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KATIE ZERR: Interviews trigger appreciation of life

I’m not much for social media. I‘m not a tweeter, don’t spend much time on Facebook and find some comments made by trolls on newspaper or online stories quite disgusting and disheartening considering they are supposed to be written by humans.
There are, however, some places that I check out regularly, including the “You know You’re From Mobridge, S.D. if…” It is nice to read some names that bring back memories of growing up here.
There are some people who have chirped in with nasty posts about “that crappy little town.” I know not everyone’s memories are sunshine and lollipops, but I read several posts that were nothing but nasty, trying to throw cold water on other’s memories. I stopped reading the posts at one time after an especially nasty comment from a former resident. I have since been able to go back and enjoy the site again. It is great to read those remembering exactly what I do about life in a small town.
I was one of those who left here at age 18. I don’t think it was so much about leaving Mobridge behind as it was needing some adventure in my life. Two of my best friends and I jumped on the bus and headed for Minneapolis.
Living away from here was exactly what I needed to appreciate what we have. After living away from Mobridge for nearly 20 years, a stop at home for a couple of months has turned into a 26 year stay. It is my hope to be able spend my retirement in our community, giving back to the place that has meant so much to me and my family.
Included in this week’s edition of the Tribune is the spring Lifestyles section. This is our “Where are They Now?” which stars former residents who are outstanding in their fields of choice, who have made a difference in the lives of others or have left their mark on the youth of our country.
Three female former residents are featured in this section. One is serving the state as a cabinet secretary, one who touches the lives of people facing sometimes frightening medical issues and one, most appropriately for this week, whose mission is to teach the youth of two nations about the importance of remembering the sacrifices of our military personnel.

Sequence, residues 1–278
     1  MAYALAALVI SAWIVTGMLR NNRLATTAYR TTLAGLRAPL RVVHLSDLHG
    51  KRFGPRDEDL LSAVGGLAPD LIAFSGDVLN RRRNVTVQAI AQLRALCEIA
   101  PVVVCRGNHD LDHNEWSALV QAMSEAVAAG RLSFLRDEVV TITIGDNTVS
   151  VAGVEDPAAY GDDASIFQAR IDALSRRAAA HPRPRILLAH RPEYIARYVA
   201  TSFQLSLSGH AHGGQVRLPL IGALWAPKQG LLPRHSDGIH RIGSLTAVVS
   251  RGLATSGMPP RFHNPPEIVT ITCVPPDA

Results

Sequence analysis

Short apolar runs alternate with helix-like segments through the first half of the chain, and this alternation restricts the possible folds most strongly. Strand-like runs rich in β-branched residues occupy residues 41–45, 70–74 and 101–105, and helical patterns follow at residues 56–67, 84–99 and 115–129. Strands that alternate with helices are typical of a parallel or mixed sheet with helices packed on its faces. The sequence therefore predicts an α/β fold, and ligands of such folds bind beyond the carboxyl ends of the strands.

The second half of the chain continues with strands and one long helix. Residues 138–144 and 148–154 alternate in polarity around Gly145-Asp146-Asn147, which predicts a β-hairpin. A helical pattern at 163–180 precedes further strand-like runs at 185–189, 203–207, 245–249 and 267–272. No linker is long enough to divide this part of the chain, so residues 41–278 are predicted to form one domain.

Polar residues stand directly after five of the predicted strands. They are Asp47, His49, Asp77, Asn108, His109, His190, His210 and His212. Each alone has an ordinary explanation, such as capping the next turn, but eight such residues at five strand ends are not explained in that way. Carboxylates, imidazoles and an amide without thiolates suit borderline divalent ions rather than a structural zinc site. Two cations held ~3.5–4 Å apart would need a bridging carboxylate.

These are three different stories with one common thread; they all three have deep roots in Mobridge and understand what it means to be raised here.
The stories are different, but the theme is the same; the people of this area they encountered in their youth had a lasting impact on their lives.
This year I laughed and cried with these ladies. Memories of Julie Weninger and her family that has such a connection with mine (Joey was a good friend of my brother Kevin and was a part of my family) were relived while reading Kaye’s beautiful tribute to her family.
I remembered when my mother became ill and had surgery in Bismarck, the connection to home and incredible care provided by Audrey was such a comfort during that time.
I was not living here when Shawnie was part of this community. Her life in Mobridge was during the time mine was in Minneapolis and Aberdeen, but she remains a part of Mobridge through her lifelong friendships that started here.
In talking with Audrey, our memories intertwined, and we laughed and cried, reminisced about people, about the tough times and the great times. We both agreed it was the people in our community who played a part in raising us. In fact, Audrey had a long list of people who played a role in her life and they are a roster of people in this community who left their mark on Audrey.
For me it was the ladies in neighborhood, Betty Stablein, Margaret Davidson, Ida Miller and Marge Bridenstine to name a few. It was the Cameron family, the Mogen family, the Stiles family, and in my early childhood, the Jack Pier family. My oldest brother Pat’s friends were a huge part of my life. They were like rock stars to me. Donny Mott, Jeff Loll, Steve Glader and many others remained part of my family even after Pat’s death.
I have encountered people who don’t have the same appreciation of our lives in Mobridge. Many, many times. Life here was not always great, but it was better than so many other’s.
As we remember those who have gone before us on Memorial Day, let’s also remember those who touched our lives in profound ways.
Thank you to our veterans who sacrificed so much for us and our nation. No words are adequate for what you have done and what you are doing. Thank you to law enforcement, dispatchers, fire fighters and first responders who work hard to keep our community a safe place to live.
Thank you to those people of this “village” who helped to raise many a child.